Impact Story: Ben Holt – Conservation Legacy

The Corps Network is collecting short stories from Corps about their projects and the Corpsmembers that put them into action. Read our “Impact Stories” collection for a picture of the people and hard work behind the Corps movement.  

In addition to crew-based programs, many Corps work with state and federal resource management agencies to offer internship and individual placement opportunities. These service positions give young adults leadership experience and the chance to more deeply explore career opportunities.   

This story features Ben Holt, an Environmental Education Distance Learning Intern with Conservation Legacy. This internship was part of the Stewards Individual Placement Program (SIPP) which places AmeriCorps and VISTA Members in communities across America for a year of volunteer service by facilitating partnerships between federal agencies and community-based nonprofit groups. Ben served from May 2021 through November 2021 in Rocky Mountain National Park. 

Ben served as a member of Rocky Mountain National Park’s education and outreach team throughout his service term. This included supporting distance learning opportunities for pre-K-6th grade students, leading field trips for local school groups, host Junior Ranger programs, develop and lead “pop-up” programs, and update curriculum for programs to align with state standards. Through all these programs, Ben enhanced the national park experience for more than 1900 people.  

With the impact of the COVID-19 pandemic and the high visitation in Rocky Mountain National Park, Ben’s impact extends beyond the number of people. Ben used creative tools to reach the community in the area through site-visits to schools and virtual field trips. These educational efforts connect with new audiences, especially school-aged children, with Rocky Mountain National Park remotely making a learning experience accessible to students who may never be able to visit the park in-person. This is underscored by the fact that over 1000 individuals Ben reached through his program came from underrepresented communities. Additionally, the “pop-up” programs Ben developed allowed visitors to the park to participate in interactive programming, despite not being able to host traditional Park Ranger-led events during the pandemic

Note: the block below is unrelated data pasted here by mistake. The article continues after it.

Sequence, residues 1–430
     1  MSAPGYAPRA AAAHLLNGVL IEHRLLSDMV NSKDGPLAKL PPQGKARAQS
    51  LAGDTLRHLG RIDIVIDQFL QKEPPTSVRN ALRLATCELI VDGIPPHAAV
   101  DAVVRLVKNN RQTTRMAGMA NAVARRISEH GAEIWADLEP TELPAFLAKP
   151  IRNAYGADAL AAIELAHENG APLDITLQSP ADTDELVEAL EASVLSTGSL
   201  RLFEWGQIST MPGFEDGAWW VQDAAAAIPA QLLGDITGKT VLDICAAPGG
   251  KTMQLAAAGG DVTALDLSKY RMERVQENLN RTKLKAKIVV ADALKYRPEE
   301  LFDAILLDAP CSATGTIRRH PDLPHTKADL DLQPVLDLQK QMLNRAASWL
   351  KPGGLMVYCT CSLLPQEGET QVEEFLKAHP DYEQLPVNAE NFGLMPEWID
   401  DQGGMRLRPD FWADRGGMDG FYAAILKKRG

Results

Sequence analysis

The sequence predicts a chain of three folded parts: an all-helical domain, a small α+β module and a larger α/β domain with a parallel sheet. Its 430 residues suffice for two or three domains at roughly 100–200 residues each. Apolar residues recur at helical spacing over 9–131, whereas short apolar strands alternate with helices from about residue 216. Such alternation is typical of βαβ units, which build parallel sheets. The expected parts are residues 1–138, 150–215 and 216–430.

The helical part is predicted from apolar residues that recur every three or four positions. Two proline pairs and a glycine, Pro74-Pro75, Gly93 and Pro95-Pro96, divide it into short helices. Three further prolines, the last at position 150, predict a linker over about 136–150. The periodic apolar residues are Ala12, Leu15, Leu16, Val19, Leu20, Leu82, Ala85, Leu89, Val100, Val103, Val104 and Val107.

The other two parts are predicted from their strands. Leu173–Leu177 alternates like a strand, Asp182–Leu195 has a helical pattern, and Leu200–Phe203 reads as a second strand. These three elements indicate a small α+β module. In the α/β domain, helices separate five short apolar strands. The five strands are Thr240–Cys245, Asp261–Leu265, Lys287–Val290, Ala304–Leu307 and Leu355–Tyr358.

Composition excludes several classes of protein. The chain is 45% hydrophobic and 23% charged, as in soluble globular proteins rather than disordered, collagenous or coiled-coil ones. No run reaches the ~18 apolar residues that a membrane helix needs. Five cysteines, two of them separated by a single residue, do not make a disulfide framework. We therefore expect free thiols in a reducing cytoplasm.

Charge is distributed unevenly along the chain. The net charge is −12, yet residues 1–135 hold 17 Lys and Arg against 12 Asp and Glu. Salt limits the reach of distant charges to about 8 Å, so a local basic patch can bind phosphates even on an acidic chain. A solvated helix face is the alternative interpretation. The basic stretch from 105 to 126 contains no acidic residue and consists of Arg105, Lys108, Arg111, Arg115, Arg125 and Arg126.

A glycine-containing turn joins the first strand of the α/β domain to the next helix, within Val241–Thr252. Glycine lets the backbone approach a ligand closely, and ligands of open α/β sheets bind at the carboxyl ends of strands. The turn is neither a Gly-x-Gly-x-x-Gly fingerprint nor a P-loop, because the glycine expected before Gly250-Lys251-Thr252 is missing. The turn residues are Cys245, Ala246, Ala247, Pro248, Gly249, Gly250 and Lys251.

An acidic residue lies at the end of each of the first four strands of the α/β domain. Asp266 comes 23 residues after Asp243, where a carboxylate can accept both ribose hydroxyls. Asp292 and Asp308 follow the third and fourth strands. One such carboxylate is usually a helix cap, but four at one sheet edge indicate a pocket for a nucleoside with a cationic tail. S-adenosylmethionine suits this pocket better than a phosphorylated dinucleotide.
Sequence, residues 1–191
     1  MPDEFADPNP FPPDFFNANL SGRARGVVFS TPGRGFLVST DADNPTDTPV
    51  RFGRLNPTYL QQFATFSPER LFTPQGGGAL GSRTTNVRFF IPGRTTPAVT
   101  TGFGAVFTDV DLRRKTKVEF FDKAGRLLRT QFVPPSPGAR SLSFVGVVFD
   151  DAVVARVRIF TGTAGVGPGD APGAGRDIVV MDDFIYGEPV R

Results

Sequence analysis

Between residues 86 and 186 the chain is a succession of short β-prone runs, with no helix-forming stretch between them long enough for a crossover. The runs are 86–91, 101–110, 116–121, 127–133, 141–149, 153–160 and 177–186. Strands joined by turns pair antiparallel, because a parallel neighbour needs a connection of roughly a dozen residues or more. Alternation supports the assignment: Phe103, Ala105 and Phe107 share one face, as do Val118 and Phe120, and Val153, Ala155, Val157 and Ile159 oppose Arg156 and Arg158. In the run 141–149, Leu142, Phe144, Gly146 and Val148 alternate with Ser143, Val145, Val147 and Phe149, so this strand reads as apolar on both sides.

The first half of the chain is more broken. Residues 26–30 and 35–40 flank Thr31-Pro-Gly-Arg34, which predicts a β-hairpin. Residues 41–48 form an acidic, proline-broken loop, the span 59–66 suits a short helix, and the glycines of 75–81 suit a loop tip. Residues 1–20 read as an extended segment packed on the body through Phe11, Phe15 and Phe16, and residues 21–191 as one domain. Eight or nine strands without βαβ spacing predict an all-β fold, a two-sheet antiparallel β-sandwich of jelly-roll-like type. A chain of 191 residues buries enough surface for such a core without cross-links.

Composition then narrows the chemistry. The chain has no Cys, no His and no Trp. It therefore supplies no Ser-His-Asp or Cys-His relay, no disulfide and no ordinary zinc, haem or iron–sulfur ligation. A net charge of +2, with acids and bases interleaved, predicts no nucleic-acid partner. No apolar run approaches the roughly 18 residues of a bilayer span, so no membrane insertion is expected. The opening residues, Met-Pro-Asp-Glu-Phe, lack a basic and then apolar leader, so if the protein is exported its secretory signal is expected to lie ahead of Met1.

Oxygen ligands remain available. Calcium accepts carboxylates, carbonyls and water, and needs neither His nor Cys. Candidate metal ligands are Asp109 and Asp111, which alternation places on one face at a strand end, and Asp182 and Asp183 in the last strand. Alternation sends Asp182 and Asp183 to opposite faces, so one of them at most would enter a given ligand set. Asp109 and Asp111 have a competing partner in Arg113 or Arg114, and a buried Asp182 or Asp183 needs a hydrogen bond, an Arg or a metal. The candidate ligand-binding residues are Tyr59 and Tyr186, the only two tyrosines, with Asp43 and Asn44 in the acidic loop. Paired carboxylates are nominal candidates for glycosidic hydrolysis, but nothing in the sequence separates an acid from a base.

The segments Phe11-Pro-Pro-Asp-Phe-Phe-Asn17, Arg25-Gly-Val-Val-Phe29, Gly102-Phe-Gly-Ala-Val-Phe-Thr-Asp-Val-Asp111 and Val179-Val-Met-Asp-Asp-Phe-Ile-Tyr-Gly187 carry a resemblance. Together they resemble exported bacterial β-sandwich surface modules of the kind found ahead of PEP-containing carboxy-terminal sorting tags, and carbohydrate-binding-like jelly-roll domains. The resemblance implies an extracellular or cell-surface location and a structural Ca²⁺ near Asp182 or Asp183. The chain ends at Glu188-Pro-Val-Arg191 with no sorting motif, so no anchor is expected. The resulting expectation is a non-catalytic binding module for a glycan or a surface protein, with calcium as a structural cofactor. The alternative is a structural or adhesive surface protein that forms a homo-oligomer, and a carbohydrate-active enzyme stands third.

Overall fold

Furthermore, Ben’s impact continues even after his service through the curriculum updates, new programming, and at-home activities he completed. The curriculum updates will ensure programming meets the need of local second-grade classrooms, as school trips ramp up after the pandemic. The new programming will be utilized to educate visitors about ecosystems, wildlife, and mapping into the future. The science activities continue to provide opportunities for students to learn about geology and climate science in Rocky Mountain National Park from their own homes or schools.  

Ben’s service to Rocky Mountain National Park was noticed by his site supervisor. “He is hands-down the best intern I have ever worked with.”  

With this success, he was able to continue to work with Rocky Mountain National Park through the winter and hopes to transition into a staff position on the education team over the summer.